How to begin your novel: Start with the action!

Writing Tip - Start with the Action

How should you begin your novel? The best way is to start with the action!

This is a concept that’s taken me many stories to understand. When writing my first draft of One Last Letter, I included a flashback scene that showed Jesse and Evelyn as young teenagers. They were making a promise to one another to stay together forever. It was a great scene and I loved it and then when I was editing with Crimson Romance’s brilliant editor Julie Sturgeon, she said: “This has gotta go.”

To be honest, the action of the story didn’t start with that promise. The action started a few years later, when Evelyn returns from school and she no longer believes she can be with Jesse. That’s where my story needed to begin. The same issue happened with Revolutionary HeartsI’d drafted a scene right before the hero and heroine meet for the first time. It was a discussion between the heroine and her grandmother – fun dialogue, but again, not where the action starts.

Why should you start with the action? It grips your reader’s interest and hooks the reader from the beginning. I know I make judgments about whether or not I’m going to buy a new book based on first chapter excerpts. If the beginning of your book isn’t strong, your reader won’t stick around to see if the rest is any better!

Here’s a few questions to ask yourself to tighten up your writing and start with the action:

  • Is the first scene necessary? With most of my first drafts, I realize the first scene was written to offer me (the writer) a chance to better understand my characters. But if you cut out the first scene and the rest of the novel still flows well? That first scene probably isn’t where the action starts.
  • Does this scene set the plot in motion, or is it just background? The first scene should be the catalyst that drives the rest of the story. It’s indispensable. The alternative to a scene setting the plot in motion is a scene that just explains the background. Backstory can be weaved in through different devices, but it’s difficult to digest as an information dump in the beginning.
  • What critical action or event must take place? For many romance novels, it’s when the hero and heroine meet for the first time. For thriller novels, it’s when a shooting occurs or a body is found. It’s the kind of scene that, if cut, would cause the rest of the story to make no sense. This is the type of scene that should begin your work!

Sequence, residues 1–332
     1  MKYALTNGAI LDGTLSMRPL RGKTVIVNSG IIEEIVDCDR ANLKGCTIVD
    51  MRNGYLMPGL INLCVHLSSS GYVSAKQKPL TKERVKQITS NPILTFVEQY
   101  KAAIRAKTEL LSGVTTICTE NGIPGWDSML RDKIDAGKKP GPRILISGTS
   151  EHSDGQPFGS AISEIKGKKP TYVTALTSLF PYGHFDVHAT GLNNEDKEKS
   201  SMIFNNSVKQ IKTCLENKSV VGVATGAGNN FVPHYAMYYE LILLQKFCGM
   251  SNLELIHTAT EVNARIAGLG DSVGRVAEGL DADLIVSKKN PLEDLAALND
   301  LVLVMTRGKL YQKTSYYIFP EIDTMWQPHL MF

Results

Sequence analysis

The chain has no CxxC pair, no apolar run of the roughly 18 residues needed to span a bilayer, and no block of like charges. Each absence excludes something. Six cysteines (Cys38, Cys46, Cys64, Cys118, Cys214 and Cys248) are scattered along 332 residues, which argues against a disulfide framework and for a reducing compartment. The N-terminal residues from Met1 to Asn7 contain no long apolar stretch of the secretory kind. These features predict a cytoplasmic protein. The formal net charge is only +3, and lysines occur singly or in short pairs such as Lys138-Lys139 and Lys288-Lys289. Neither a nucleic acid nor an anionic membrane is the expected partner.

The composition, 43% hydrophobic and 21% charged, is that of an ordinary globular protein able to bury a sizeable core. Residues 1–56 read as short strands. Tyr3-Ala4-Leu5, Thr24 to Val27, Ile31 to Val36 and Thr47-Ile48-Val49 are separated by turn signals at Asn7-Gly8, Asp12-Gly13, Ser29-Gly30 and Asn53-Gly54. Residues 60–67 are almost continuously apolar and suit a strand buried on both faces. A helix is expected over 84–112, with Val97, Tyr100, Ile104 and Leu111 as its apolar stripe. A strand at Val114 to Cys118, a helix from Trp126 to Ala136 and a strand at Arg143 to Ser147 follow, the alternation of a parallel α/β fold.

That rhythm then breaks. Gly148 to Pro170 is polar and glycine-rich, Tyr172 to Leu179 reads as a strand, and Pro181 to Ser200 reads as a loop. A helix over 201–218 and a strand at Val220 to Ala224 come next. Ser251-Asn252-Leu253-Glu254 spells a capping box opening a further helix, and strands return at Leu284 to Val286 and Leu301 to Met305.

Starting your novel off strong will pique your reader’s interest and keep your reader engaged. Any other tips for starting your story? Do you start with the action? I’d love to hear your thoughts.


5 thoughts on “How to begin your novel: Start with the action!

  1. Oh, the terrifying beginning of a novel! Every writer is afraid of it, I think. Most of us keep hearing “start with the action!” and, at least at first, don’t know what it means exactly. Someone is chasing somebody else and shooting a gun? Someone just died in the MC’s arms? Someone just fell in love? Wait, what? Who are these people? What’s happening?! Why are they running/shooting/dying/falling in love? Why should I (as a reader) even care? It’s so confusing.
    I’ve read somewhere that, in order to decide what scene should be our opening scene, the one in the very first few pages of our book, we should think about the inciting incident, the event that sets things in motion, that upsets the balance. Then, we should work backwards and think about the scene right before that one, that sets the tone and gives the elements that will be used in the inciting incident. That will be our opening scene.
    It took me a while to understand and apply this to my writing, but I think it’s a good advice, because the book basically does start with the action, just not in the very confusing middle of it! 🙂

    1. Love the idea of working backwards and looking for the scene that “upsets the balance.” What sets the plot in motion IS what upsets the former balance of the situation prior to the story beginning. Great advice.

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